A lightsaber is a fictituous fencing weapon from the "Star Wars" Universe of the movie franchise of the same name created by film maker George Lucas. There have been numerous discussions throughout the years whether one could build a real lightsaber. This motivated Professor Tobias Brixner to give a public lecture including experiments within the event series "Physics on a Saturday" on May 5, 2018, at the University of Würzburg. There, a lightsaber is realized on the basis of femtosecond laser pulses. The video "Femto Stars" is a short summary for those in a hurry; the complete lecture, including scientific explanations, is accessible further below.
Are lightsabers pure fiction? Most people argue that a laser beam propagates unhindered until it hits an obstacle, and therefore spatially limited lightsabers are physically impossible. The film "Femto Stars" and the photo in the header of this page show that you can apparently produce light effects of finite length. How does this work? What is it good for?
The recorded lecture "From Lightsaber to Femtochemistry - Fiction and Applications with Ultrashort Laser Pulses" (available with German or English subtitles), which can be accessed below, uses an analogy with music to show how ultrashort laser pulses are created. Turning light on and off in just a few femtoseconds (i.e., millionths of a billionth of a second) opens up a whole new world of opportunities to track and even control extremely fast physical processes in real time. The reality even surpasses the "Star Wars" fiction, because in our research we penetrate with precision down to the atomic level and "cut" chemical bonds in a molecule in the context of "quantum control". In addition to this "femtochemistry" one can use ultrafast spectroscopy, for example, to temporally resolve the biological processes of photosynthesis or vision. A specialty of our research group is multidimensional spectroscopy, which provides comprehensive information. Femtosecond laser pulses are also used in medicine, for example in the "femto-LASIK" eye surgery, whose functional principle is based on the "lightsaber" effect.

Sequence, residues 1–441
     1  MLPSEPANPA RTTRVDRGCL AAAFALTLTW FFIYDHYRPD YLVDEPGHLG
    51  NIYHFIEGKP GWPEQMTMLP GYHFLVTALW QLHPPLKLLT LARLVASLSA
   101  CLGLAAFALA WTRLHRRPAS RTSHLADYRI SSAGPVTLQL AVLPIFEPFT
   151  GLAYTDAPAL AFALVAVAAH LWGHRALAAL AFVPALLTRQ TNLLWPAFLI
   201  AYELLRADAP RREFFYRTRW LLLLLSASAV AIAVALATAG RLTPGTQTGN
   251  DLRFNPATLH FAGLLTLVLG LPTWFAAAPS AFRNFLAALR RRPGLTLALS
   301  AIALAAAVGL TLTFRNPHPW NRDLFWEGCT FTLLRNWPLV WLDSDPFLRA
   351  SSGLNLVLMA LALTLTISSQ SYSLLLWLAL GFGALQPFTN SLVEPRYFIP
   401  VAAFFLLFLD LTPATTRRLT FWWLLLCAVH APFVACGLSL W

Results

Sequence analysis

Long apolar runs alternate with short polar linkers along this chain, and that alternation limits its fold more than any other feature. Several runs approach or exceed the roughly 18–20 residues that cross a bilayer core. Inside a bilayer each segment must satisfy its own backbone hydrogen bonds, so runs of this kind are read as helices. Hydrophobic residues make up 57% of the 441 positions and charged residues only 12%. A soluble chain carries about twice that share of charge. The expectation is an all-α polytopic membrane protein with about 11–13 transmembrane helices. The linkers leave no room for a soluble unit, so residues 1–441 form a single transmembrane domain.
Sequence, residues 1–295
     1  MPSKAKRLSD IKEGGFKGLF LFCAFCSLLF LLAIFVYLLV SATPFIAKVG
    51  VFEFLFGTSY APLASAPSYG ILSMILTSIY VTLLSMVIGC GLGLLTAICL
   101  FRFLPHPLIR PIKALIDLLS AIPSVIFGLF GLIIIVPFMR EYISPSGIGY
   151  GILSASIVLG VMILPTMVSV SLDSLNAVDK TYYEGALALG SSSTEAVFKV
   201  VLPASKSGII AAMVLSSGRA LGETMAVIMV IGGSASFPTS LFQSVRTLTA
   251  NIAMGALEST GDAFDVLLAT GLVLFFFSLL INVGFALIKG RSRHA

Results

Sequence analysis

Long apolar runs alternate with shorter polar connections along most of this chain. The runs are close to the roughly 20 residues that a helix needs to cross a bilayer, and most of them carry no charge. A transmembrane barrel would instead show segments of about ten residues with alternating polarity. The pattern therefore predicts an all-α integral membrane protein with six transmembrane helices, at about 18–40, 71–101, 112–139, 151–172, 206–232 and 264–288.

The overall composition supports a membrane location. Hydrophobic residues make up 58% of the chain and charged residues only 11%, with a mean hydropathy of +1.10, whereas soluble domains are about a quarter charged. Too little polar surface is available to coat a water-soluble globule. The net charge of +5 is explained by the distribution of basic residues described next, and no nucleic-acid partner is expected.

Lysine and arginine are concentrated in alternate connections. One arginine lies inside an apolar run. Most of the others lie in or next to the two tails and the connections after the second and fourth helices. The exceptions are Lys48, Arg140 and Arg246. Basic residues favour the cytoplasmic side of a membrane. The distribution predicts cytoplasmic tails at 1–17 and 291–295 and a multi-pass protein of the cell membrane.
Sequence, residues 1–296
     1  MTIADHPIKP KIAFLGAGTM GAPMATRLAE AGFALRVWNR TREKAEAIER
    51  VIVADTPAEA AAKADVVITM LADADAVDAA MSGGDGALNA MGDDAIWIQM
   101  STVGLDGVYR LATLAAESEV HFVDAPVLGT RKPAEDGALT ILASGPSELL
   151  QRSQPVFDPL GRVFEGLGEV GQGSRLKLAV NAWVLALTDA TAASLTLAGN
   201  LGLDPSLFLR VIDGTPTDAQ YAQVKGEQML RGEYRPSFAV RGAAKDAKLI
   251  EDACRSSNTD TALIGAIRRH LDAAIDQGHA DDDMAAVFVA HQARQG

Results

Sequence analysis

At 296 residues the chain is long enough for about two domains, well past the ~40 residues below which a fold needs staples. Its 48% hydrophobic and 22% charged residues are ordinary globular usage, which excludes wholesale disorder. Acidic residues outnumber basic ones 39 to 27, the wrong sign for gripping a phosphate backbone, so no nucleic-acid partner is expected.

The lecture provides an introduction to the basics of ultrafast spectroscopy and, at the same time, the scientific background for the lightsaber of "Femto Stars" (full-screen version available by clicking in the upper right corner of the video).
The pioneering work on the "lightsaber" mentioned in "Femto Stars", i.e., filamentation in air
How to use a "lightsaber" atomically precise in a review article on quantum control
Manuscript of the Nobel Prize lecture by Ahmed Zewail, the pioneer of femtochemistry
Nice introduction to femtosecond lasers and spectroscopy
Original work on the time resolution of the process of vision in the eye
- Pioneering work on multidimensional spectroscopy of photosynthesis
There are many suggestions on how to build a lightsaber on the internet, especially on YouTube. The following selection has nothing to do with femtosecond lasers. Make your own judgment of how successful these trials are. If you would like to work with the "Femto Stars Lightsaber," you should become part of our team, as we use filaments in research daily to create broad spectra...
- Illuminated plastic cover: Prop with beautiful look, but made of ordinary material, without cutting functio
- Focussed laser beams: Propagation length not limited
- "Evanescent field" through small holes: Range only a few wavelengths, so a few microns, rather than ~ 1 meter
- Plasma through holes of a ceramic rod: solid material required inside the lightsaber, brittle ceramic, hot grip
- Spark discharge between metal wires: no continuous light effect, metal wires on the edge required, no cutting function
- Red-hot metal rod: solid material in the center, can start melting process
- Burning methanol liquid jet: no actual cutting function, but local fire production